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December 2, 2020
All Articles by: Mr.M. GOVINDARAJAN       View Profile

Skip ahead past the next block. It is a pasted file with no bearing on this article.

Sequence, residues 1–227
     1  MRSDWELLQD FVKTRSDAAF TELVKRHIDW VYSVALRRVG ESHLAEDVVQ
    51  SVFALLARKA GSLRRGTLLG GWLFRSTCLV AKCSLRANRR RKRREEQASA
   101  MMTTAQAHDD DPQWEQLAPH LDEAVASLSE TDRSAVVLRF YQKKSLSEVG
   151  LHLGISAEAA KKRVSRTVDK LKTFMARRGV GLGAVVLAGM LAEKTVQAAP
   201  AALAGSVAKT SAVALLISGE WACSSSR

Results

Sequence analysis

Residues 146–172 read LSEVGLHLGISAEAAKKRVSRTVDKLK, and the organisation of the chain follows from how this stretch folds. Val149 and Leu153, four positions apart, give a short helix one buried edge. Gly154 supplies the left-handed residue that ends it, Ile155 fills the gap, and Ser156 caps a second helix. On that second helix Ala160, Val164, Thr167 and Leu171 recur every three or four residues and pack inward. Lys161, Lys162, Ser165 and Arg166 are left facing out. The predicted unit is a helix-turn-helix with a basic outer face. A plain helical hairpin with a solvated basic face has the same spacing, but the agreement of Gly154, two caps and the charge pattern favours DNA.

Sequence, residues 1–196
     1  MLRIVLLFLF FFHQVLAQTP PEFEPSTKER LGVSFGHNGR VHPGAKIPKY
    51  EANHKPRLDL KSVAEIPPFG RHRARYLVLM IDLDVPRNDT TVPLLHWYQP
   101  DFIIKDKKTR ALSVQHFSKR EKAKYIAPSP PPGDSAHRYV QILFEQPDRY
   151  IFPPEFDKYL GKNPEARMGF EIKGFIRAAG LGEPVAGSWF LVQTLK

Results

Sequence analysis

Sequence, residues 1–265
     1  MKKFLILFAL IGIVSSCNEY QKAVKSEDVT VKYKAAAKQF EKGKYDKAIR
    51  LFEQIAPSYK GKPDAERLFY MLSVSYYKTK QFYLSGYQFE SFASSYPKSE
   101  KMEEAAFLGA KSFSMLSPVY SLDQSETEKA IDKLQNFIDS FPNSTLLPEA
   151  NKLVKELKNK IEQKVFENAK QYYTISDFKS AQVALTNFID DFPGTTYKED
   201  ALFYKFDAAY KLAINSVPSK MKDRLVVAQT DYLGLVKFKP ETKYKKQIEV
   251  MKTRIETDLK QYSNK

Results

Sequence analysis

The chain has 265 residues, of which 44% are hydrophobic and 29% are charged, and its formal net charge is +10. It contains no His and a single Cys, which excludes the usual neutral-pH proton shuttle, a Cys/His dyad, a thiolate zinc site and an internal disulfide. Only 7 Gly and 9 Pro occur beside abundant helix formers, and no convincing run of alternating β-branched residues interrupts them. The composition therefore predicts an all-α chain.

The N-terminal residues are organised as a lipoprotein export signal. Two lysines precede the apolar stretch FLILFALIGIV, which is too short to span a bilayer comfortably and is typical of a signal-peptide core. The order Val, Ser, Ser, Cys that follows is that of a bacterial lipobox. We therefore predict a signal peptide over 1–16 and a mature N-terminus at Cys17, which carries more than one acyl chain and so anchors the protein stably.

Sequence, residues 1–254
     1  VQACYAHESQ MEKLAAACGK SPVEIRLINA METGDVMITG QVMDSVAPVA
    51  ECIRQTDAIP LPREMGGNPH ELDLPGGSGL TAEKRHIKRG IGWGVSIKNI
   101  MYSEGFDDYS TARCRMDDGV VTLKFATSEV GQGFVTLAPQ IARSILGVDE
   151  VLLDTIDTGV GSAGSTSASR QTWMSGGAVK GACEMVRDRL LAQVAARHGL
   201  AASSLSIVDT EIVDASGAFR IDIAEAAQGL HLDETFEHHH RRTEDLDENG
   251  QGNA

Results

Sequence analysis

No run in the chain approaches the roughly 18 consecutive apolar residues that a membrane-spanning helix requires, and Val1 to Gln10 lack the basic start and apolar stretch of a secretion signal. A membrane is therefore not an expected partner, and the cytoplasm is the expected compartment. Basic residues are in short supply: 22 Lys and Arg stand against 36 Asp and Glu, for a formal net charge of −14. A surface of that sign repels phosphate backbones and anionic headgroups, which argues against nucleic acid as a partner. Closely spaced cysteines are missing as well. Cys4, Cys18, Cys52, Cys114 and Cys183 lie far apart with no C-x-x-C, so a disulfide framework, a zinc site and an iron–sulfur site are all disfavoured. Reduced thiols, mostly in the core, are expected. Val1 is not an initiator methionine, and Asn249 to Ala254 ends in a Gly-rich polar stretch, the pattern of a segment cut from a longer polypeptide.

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Goods and Services Tax was introduced with effect from 01.07.2020.  The GST laws provide for the levy of Central Tax, State Tax, Union Territory Tax, Integrated Tax and Cess.  Section 9 of the Central Goods and Services Tax Act, 2017/State Tax Act/ Union Territory Tax Act provides for the levy of a tax called the central tax/State tax/Union territory tax on all intra-State supplies of goods or services or both, except on the supply of alcoholic liquor for human consumption, on the value determined under section 15 and at such rates, not exceeding 20%  as may be notified by the Government on the recommendations of the Council and collected in such manner as may be prescribed and shall be paid by the taxable person.  Each and every goods and services which are liable to GST are liable both the Central Tax and State tax on intra State supplies.  Therefore the maximum rate of tax will be 40%.  The integrated tax is levied by the Central Government not exceeding the rate 40%.  Some categories of goods and services are liable to pay tax under reverse charge mechanism.